With the above stated, this creates a great need to search for the person's driving record and any other placeholder records by name within a city or name within a partial zip code or even name and year of birth or name and date of birth rather than specific driver’s license number. (Often times the master add records do have the correct year of birth or even the specific date of birth.)

We have a new user tutorial which details our recommended way for searching effectively for driving records through our system. We think it is worthwhile for you and your staff to review this document. Not only will it help in finding master add records, but will also help with finding the correct driving record on people with names that are spelled in a non-traditional fashion etc.

As always feel free to reach out to us if you need any assistance.



Zip Codes and the Importance of Understanding 3 digit (and even 2 digit) partial Zip Code Searching

From the 1930s to the early 1960s, the volume of mail — particularly business mail — grew significantly, and the need for a better system became apparent. On July 1, 1963, the USPS introduced the ZIP code. In 1967, ZIP codes became mandatory on all mail.

Making Sense of the Zip Code

  • The first digit represents the state. Numbers increase as you move west. Several states share each digit — 2, for example, represents the District of Columbia, Maryland, North Carolina, South Carolina, Virginia and West Virginia.
  • The second and third digits represent regions within the state — the first three digits create the Sectional Center Facility (SCF) code. SCFs are the regional headquarters for mail sorting and distribution.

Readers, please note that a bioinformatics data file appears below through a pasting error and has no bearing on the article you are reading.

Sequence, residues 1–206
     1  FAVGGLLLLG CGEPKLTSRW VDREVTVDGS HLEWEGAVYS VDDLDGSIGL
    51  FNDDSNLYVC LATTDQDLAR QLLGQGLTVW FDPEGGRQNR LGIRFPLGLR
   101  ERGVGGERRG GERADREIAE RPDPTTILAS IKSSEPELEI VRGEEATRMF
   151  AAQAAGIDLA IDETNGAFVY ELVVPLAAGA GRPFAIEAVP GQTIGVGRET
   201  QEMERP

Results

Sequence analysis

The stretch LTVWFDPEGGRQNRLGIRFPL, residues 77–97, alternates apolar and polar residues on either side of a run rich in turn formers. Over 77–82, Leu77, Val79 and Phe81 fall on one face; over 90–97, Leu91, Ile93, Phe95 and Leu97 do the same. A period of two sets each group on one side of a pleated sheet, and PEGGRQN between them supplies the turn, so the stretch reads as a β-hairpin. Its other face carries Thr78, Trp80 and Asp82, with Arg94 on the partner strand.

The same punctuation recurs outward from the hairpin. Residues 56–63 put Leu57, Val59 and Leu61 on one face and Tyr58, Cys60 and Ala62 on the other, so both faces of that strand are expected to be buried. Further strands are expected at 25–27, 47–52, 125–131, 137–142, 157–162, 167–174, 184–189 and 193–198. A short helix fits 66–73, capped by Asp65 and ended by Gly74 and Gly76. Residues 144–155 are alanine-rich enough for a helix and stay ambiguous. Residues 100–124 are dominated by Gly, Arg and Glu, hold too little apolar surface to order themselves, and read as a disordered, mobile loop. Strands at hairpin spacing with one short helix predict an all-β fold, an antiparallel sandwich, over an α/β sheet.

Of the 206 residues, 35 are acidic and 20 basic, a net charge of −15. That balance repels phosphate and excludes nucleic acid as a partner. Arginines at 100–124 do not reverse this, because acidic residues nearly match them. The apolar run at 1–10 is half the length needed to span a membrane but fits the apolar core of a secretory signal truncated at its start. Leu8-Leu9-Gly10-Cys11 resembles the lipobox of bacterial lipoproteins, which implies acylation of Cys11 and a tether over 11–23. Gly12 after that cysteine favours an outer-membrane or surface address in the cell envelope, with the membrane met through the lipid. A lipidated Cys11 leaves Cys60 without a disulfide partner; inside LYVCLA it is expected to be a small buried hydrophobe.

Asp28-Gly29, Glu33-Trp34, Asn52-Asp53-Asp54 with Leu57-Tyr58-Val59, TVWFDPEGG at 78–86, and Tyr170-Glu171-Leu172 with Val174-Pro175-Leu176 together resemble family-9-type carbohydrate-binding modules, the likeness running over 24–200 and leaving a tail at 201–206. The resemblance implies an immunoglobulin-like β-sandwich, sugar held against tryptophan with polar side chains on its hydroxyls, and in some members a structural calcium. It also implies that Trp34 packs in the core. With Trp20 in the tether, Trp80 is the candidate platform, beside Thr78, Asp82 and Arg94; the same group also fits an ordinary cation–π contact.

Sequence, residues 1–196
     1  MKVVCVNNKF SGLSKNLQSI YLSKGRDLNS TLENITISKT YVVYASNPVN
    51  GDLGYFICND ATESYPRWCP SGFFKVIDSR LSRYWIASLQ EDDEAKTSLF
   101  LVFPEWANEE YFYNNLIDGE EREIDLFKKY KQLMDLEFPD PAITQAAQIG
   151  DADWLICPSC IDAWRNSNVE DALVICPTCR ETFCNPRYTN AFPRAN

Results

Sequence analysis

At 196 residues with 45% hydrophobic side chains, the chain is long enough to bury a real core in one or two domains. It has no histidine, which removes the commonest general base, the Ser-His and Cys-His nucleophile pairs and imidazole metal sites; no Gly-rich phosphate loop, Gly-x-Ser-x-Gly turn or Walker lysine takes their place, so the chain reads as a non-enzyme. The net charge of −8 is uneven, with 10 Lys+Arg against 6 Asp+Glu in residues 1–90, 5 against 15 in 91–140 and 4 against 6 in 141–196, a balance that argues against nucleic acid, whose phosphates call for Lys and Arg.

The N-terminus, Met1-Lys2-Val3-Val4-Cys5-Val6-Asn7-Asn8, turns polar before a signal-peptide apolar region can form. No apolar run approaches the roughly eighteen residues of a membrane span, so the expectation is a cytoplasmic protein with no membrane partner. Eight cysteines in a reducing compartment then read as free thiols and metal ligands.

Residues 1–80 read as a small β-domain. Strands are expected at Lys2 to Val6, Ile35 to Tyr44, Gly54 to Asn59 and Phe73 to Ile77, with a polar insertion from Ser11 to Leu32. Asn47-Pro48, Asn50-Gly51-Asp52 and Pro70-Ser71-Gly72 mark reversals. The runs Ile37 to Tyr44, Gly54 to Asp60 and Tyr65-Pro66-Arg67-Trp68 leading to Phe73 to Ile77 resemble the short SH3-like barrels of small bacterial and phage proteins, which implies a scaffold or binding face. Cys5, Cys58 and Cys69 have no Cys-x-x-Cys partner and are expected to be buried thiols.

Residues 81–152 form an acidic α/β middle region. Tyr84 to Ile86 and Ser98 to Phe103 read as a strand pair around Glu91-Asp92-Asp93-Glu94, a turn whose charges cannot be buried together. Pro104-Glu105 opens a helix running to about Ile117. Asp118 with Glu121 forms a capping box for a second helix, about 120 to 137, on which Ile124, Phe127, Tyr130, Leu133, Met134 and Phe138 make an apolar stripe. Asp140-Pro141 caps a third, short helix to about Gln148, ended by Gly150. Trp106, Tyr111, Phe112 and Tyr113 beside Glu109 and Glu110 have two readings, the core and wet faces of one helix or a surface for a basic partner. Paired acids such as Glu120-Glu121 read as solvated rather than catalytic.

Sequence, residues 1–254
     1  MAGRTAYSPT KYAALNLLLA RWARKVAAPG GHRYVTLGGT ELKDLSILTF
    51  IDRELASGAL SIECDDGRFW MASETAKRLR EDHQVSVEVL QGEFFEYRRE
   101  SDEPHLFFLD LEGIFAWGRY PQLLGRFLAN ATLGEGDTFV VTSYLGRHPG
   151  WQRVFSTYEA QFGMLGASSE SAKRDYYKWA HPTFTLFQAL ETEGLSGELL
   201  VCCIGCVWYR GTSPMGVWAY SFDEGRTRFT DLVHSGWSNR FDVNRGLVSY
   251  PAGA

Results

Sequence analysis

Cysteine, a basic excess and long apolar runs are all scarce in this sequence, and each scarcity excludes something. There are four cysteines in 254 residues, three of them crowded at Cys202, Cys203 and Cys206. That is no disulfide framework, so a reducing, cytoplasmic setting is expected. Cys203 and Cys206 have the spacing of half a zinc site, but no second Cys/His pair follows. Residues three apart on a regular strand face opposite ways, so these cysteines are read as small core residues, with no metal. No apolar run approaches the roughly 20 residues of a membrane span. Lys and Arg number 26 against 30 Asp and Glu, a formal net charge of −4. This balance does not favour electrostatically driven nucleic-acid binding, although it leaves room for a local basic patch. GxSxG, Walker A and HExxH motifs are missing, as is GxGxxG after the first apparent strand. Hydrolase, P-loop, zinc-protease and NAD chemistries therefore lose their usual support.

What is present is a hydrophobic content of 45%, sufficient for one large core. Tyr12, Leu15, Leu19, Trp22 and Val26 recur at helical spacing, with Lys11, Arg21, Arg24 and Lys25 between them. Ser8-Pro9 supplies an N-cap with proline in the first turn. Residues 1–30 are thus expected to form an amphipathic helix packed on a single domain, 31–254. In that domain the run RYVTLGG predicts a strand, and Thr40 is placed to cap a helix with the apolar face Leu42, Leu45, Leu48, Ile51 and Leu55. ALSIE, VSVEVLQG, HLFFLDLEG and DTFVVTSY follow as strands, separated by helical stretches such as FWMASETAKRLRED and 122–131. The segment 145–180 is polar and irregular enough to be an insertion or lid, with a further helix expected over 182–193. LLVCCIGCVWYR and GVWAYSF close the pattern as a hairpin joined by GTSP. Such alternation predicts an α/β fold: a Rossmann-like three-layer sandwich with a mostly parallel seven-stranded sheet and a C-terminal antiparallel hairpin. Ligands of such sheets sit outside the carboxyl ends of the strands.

• The fourth and fifth digits represent more specific areas, like post offices and postal delivery zones within a city or town.
  • ZIP + 4 has four extra digits that identify a specific segment of the five-digit delivery area — like a city block, office building or individual high-volume mail receiver.
  • See below on 3 digit Zip Codes and SCF’s.

What does the term “ZIP Code” mean?

A ZIP Code is a five-digit number that identifies a specific geographic mail delivery area. The acronym ZIP refers to Zone Improvement Plan, a plan implemented by the USPS in the early 1960’s to improve the sorting and delivery of mail.

How many ZIP Codes are there in the United States?

There are approximately 43,000 ZIP Codes in the United States. This number fluctuates from month to month, depending on the number of changes made.

How many changes are made to ZIP Codes monthly?

It varies from month to month and from year to year. Because of the schedule that the USPS uses to implement ZIP Code changes you may see a tendency for some months to consistently have more changes than others. ZIP Code changes are reported by the USPS in the form of addresses that have new or changed delivery information. While there are certainly many changes to ZIP Codes at the carrier route level many of these will have no impact on the 5-Digit ZIP Code boundary.

Where did ZIP Codes come from?